One of the most common questions I get asked is how can you get a credit card with bad credit? I feel like a broken record with how often I have to answer this.
I really should have a canned response saved in my email, ready to reply to people who ask. But instead, I’ve decided to write the ultimate guide here, sharing everything you need to know about getting approved for a card… even if you have terrible credit.
Rule #1: Don’t shoot for the moon
Ambition is good, but not when you have bad credit. If that’s you, the vast majority of credit cards you’re not going to qualify for.
Want examples? Well all the major credit cards that offer rewards will be out of your league. Forget about the popular cash back cards like Chase Freedom and AmEx Blue Cash, as well as those which offer travel rewards like Chase Sapphire and airline-branded cards.
Basically, all you will have a shot at are the plain vanilla cards.
Rule #2: You probably will have to start with secured
What is a secured card? In a nutshell, it is a card which requires you to put forth a security deposit.
That deposit is fully refundable when you choose to close the account down the road. The purpose of it is assurance for the bank that you will pay your credit card bill (because if you don’t, they will deduct the debt from your deposit).
Since you are basically giving credit to yourself, this is the easiest way to get a credit card with bad credit. In fact, if your credit is really bad this might be the only way to attain a Visa or MasterCard.
The secured card I recommend the most is from Capital One. Go here to see my review of it.
Rule #3: An unsecured Visa/MC will require fair credit
So how bad is your credit, anyway?
If it’s definitely bad (charged-off accounts or recent bankruptcy) then start with secured. But if your credit isn’t “bad” but not quite “good” then you might be able to get approved for a no-frills unsecured account. Here are some examples to check out.
Rule #4: A store-branded card can be useful
The drawback with most store-issued credit cards is that they are not considered major accounts (because they are not a Visa/MasterCard/Discover/AmEx). As a result, they won’t help as much with building your credit score.
However the advantage they offer is that some (but not all) are relatively easy to qualify for. Generally, these types will be the easiest to get:
- Gas station cards
- Auto/tire shops
- Mattress and low-end furniture stores
These types will be a lot harder to get:
- Mid to high-end department stores
- Store cards with rewards (such as Target and Lowes)
- Store cards which are also a Visa, MC, Discover, or AmEx
Would I recommend store cards as your only accounts? Most definitely not! You need major credit cards from banks on your credit report. That being said, they are good credit cards for bad credit. So get one or two of them, in addition to a major bank-issued card.
Rule #5: Avoid fee-harvester cards
What are “fee-harvester” cards? Those which charge astronomical fees and offer little in return.
The most widely-known example is First Premier Bank. Here’s an example of one their cards:
What do you get for paying all those fees? Not much. Only a credit limit of $300.
Since these are unsecured accounts, some people believe they’re worth getting, because they think they’re better for building credit. That’s not true!
Whether an account is secured or unsecured, generally it will appear the same on your credit report (and people looking at it won’t know if you have a secured card).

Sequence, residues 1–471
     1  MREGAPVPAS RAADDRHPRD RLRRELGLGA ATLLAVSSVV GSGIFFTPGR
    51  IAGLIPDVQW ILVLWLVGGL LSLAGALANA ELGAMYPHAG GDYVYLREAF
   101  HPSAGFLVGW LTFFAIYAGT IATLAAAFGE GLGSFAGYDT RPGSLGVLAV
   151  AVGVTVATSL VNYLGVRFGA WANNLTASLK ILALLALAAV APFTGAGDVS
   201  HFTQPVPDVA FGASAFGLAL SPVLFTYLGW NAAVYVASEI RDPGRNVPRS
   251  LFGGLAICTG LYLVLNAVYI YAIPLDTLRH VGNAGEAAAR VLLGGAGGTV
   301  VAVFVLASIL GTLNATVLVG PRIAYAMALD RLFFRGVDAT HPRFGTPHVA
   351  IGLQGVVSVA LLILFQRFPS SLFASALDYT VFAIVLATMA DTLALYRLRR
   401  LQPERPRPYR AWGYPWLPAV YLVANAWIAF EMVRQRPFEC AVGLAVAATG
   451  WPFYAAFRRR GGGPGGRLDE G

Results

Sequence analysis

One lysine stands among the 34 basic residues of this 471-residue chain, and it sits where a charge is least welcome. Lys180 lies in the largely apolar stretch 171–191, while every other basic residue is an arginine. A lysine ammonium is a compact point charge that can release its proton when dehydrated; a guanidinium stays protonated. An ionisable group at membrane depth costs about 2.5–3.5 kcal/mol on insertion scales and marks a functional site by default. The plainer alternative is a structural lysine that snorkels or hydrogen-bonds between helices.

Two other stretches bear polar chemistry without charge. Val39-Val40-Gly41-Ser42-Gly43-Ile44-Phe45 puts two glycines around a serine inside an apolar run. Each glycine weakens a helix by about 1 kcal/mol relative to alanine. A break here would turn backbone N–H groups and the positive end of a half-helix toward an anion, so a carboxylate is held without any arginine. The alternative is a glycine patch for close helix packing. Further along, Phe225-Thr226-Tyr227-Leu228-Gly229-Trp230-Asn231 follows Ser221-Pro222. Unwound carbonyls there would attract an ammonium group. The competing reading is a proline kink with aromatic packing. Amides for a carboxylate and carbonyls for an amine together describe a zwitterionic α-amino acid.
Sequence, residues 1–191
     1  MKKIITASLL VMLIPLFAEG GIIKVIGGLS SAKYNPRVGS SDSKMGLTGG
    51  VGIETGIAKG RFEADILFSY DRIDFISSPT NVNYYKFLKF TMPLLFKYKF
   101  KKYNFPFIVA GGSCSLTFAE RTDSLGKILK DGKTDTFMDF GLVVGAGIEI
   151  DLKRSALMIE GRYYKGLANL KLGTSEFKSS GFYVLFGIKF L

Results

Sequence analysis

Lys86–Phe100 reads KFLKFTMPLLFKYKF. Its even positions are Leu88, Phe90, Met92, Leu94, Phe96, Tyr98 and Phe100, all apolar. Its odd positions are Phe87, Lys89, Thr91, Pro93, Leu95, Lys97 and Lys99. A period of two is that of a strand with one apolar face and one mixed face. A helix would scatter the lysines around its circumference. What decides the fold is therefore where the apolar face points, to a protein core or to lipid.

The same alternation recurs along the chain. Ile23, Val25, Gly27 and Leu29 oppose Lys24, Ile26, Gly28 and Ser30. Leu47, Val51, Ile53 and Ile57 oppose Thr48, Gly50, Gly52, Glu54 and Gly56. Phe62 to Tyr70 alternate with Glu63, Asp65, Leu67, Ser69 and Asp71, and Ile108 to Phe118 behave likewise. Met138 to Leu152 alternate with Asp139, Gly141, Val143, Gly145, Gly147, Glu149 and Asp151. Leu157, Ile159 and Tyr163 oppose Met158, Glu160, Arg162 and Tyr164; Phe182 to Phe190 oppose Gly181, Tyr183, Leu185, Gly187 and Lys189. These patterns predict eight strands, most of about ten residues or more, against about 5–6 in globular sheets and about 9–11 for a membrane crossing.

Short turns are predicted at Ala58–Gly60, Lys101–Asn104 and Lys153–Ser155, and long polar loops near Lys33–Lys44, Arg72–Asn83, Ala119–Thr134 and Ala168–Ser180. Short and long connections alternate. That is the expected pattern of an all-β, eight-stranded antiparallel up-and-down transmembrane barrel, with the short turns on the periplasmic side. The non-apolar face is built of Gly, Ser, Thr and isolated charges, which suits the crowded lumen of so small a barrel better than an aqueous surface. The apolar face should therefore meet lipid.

But what will definitely be shown on your credit report is the name of the bank. And guess what? First Premier Bank and bad credit are synonymous, so in my opinion, it wouldn’t be very flattering to see them on your credit report.
Getting a card is one thing, using it properly is another
There are really two questions you should be asking here. How to get a credit card with bad credit? We just answered that one. The second question is equally important and that is how to manage the card after you get it.
The biggest fallacy I repeatedly see is that many people believe carrying debt will help build credit faster. This is so not true!
Once per month the credit card company will report the balance on your account to the credit bureaus. Keep in mind the “balance” refers to whatever you owe at the moment. Whether it’s a purchase from a day before or three months before – it doesn’t matter – because any money you owe is counted the same.
Often times this reporting is done on the date your billing statement is generated. However some banks will report mid-way thru your billing cycle. Regardless of when it happens, one thing all banks have in common is that they report accounts once every 30 days.
What this means is that you don’t need to carry debt! Because if are regularly using your account for purchases every month, then when the account is reported, it will still reflect a balance (the amount being whatever your current balance is at that moment).
The above is an actual example from my credit report. As you see, it shows I have an $80 balance (and a historical high balance of $2,506) even though I’ve never carried debt on this card. The $80 is from the amount owed on my current billing statement and the $2,506 is from the all-time high billing statement. I have always paid this account in full every month to avoid interest, but the spending activity still shows up on my report.
And that brings us to another important thing you need to know: higher balances are not better! Your debt to credit ratio (also known as credit utilization) should remain low – ideally less than 30% on a credit card. That means if you have a $1,000 credit limit, it’s best to avoid having a $300 balance at any given time.